Barbie Doll Essay

704 Words May 12th, 2015 3 Pages
“Barbie”
Society has placed immense pressure on girls and women of all ages. The definition of Beauty has been altered over the years and the expectation of what beauty looks like is now sickly represented by a materialistic object, a Barbie Doll. Although not every individual conforms to expecting this modern representation of beauty, society as a whole has placed pressure on girls and women to strive to look this way. The consequences of not having this appearance are often brutal. Girls are deemed as ugly, unpopular, and are frequently disrespected by their peers or most often by men. Contemporary poet Marge Piercy published a narrative poem titled “Barbie Doll.” The Four stanzas provide the reader with a brief tale of a nameless
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We set lofty, unattainable standards and the harshly criticize those who do not meet them, as represented in this poem. As the girl matures, she receives counsel from others. However it is only superficial. No one tells her that the way she is looks is acceptable or that beauty comes in many different shapes and forms, not just the status quo. Unfortunately society often eliminates the idea of independence and individuality, which Piercy points out through the girl feeling the need to apologize for simply being herself. Grimly, This lack of social acceptance pushes the girl to her breaking point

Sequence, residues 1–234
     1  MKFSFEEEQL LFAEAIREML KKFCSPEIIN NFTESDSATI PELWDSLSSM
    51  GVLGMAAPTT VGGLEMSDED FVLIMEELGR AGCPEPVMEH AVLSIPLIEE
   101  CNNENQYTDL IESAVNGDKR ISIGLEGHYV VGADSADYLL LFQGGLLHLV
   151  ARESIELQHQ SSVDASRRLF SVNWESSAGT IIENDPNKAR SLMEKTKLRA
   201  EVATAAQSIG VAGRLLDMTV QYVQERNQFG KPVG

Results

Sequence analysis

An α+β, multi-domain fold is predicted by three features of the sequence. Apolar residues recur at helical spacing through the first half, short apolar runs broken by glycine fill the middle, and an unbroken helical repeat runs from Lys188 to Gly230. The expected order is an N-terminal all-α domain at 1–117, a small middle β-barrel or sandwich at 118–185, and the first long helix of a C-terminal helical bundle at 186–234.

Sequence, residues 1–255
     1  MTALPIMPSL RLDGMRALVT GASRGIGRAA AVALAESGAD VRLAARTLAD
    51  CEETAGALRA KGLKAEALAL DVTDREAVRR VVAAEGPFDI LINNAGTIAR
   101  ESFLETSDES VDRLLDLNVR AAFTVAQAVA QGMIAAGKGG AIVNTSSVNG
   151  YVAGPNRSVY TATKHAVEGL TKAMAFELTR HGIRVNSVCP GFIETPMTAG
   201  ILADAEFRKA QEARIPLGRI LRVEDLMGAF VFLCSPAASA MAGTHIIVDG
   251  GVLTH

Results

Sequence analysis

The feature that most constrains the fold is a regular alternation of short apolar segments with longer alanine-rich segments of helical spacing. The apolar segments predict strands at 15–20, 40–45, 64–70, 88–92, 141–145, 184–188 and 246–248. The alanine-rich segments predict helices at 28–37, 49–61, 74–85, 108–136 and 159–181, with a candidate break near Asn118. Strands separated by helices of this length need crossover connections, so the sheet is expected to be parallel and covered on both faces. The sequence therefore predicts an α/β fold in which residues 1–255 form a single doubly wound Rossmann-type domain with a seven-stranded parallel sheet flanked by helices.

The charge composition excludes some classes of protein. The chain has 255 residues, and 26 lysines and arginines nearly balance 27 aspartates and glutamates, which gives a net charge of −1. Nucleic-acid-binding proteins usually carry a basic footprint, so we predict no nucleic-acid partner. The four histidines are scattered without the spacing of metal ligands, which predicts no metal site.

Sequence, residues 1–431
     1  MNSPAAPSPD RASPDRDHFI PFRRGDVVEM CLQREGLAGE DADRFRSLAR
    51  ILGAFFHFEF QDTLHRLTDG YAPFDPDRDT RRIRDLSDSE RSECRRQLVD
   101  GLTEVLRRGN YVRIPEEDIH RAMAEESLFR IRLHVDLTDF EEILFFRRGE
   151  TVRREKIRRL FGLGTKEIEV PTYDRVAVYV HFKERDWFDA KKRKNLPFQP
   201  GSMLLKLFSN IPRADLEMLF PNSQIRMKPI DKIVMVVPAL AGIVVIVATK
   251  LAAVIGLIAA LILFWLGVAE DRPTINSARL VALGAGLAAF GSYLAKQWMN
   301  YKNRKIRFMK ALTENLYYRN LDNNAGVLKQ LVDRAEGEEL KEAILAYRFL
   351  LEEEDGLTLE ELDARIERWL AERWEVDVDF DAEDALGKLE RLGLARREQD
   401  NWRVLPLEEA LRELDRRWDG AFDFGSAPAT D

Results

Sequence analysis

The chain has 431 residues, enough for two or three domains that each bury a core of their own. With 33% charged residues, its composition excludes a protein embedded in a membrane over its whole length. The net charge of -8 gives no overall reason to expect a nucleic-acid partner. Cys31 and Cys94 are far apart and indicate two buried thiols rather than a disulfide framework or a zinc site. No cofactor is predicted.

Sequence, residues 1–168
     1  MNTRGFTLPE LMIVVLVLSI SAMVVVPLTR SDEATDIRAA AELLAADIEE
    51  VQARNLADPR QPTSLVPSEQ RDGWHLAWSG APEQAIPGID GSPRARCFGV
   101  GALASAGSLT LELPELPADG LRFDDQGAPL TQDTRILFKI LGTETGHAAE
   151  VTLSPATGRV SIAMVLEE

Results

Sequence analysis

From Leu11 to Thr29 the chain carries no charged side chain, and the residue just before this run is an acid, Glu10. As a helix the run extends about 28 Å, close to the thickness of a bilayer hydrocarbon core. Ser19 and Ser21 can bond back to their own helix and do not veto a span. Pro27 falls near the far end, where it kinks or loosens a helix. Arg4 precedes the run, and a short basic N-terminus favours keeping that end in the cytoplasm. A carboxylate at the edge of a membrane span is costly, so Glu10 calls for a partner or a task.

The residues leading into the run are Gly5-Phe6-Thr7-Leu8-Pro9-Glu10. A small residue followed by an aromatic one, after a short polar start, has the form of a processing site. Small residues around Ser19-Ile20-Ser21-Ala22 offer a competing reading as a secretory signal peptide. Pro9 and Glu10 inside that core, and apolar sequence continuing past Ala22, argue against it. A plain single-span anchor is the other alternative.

In the third stanza there is list of false comforts and shallow behaviors aimed at promoting her happiness and success. A feeble attempt to cure the depression she begins to face. Piercy placed this list as a reminder of what society expects out of women, “hearty, exercise, and diet” (3). In time, her natural goodness breaks down like a worn-out automobile part. Finally, as an adult, she permanently rids herself of her perceived inadequacies by means of what is presented as a sacrificial offering, in other words a suicide. In the final stanza, the reader discovers the now deceased woman displayed in her casket with a “turned-up putty nose, dressed in a pink and white nightie” (4), as the undertaker had invested the time to make her look like an acceptable woman for the funeral. Onlookers find her “pretty” (4).
Throughout

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